I agree with one of the other posters that volunteering and being present is key. Both my husband and I help out every week, he in Phy Ed and me in math. My husband is on the governance council while I’m on the PTA. We also chaperone all the field trips and are just always involved. I’ve found it makes the teachers treat us more like colleagues than parents. Our professions make that easier, he’s a paramedic and I’m a doctor, but I think a big part of it is just being there. There are only 5 teachers in the school and they’re a tight bunch, but when I drop my boys off in the morning I stand around shooting the breeze with them and I don’t feel that they change the tone of the conversation with me. I have seen them be more “on guard” with the other parents. I don’t think this has anything to do with me as a person, it’s just familiarity. That familiarity makes it very easy to discuss my children and their needs, when the occasion arises.

  11. David Robert Hogg
    David Robert Hogg says:

    There is not “a plethora of research to show that in elementary school the kids in the younger half of the class are at a huge disadvantage.”

    There is a modest amount of evidence for that argument.

    There is an equally modest amount of evidence that kids kept back are more likely to lose interest with school and fall behind.

    It’s about a wash.

    NY Times article:

  12. anne
    anne says:

    This is- all of it- terrible advice. Taught for 7 years, and had a successful academic career, am entrepreneurial, and think much of your advice is intriguing and has some merit. But not this nonsense. Do NOT try to bribe the school or get your kid special services he/she doesn’t qualify for. Instead, volunteer at the school, keep in contact with teachers, and by all means hold them accountable. Encourage your kids to take the toughest classes in subjects they have interest; beyond these few things, let THEM tell YOU what they need.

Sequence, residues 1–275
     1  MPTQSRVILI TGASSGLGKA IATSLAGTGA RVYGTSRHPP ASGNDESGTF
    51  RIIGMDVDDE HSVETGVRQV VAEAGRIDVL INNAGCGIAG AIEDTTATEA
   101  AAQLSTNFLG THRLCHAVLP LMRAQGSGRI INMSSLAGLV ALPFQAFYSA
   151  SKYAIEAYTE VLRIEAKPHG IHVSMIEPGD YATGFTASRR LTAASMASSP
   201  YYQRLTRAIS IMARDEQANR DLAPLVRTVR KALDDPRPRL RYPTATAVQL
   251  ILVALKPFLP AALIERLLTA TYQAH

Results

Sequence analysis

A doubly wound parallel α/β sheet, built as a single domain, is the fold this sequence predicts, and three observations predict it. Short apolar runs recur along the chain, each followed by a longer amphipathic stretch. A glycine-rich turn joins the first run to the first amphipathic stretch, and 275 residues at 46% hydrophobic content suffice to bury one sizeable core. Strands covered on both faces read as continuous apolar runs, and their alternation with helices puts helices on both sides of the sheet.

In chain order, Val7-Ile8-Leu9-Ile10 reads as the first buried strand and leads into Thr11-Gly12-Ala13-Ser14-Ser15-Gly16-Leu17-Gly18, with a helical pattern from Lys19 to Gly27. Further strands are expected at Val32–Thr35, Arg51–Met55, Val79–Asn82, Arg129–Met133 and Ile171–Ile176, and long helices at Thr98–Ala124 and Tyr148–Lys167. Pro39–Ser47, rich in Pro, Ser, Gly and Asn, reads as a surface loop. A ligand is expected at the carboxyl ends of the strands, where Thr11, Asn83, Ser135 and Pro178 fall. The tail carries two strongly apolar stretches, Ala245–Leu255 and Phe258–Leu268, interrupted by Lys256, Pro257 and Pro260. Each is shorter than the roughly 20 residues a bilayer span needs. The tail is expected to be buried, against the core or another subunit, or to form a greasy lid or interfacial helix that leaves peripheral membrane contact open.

13. kristen
    kristen says:

    I don’t try to BRIBE the school, I help fund certain things at the school. Perhaps you haven’t heard, schools are a bit hard up for cash. Particularly for frivolous things like field trips and play ground equipment, the extra money is welcome and benefits all the children. If all the parents who have the means and yet utilize the state babysitting service provided these extra funds, our schools would be able to do a lot more with our little darlings.

  14. Damn Djinni
    Damn Djinni says:

    # 3 made me sick.

    There are children out there who truly need help, and you are really suggesting parents try to steal time and help away by pretending their child has a learning difficulty? That’s a horrible thing to do!

    I grew up with learning problems, and had an IEP. It’s not what you think it is.

  15. CB
    CB says:

    As an eighteen year old student currently attending university playing university sports and having completed high school among the top of my class, in a very competitive class (Academically, athletically and artistically) I find much of the debate/argument above to be quite silly. When it all comes down to it, your child will not be successful because you unjustly gave them an advantage and in part took help away from a student in need (IEP placement) nor will they be successful because you held them back. They will be successful because they want to be successful. They will want to be successful because they are so inspired and driven in the direction of their passion. Not because Those 5 AP classes a year have really thrilled them into learning. Success is not measured by your ability to tackle AP classes and the best universities. Youth will face success when they possess the ability to face challenges, interact with people, inspire, be inspired, thrive under pressure, and learn to live happy. Much of which isn’t nourished hunched up at the desk in your dorm room fussing about midterms and stressing about papers.

    I among 100s of other first year students at my university alone, am taking a year off to hack-school. To find what drives us and to give to those around us. Volunteer, travel, learn to cook, go rock climbing, play squash learn to sow. How many kids can really say they know how to sow or cook? But how many times a week do we say we are hungry, or there’s a rip in my jeans?

    Success is not quantitative.
    Education is changing
    Hack-schooling is completely viable, and can nurture the grounds for a more prosperous conventional “education”
    many of the ‘Hack schoolers” I know intend to go back to school and learn, they’re just getting an education first.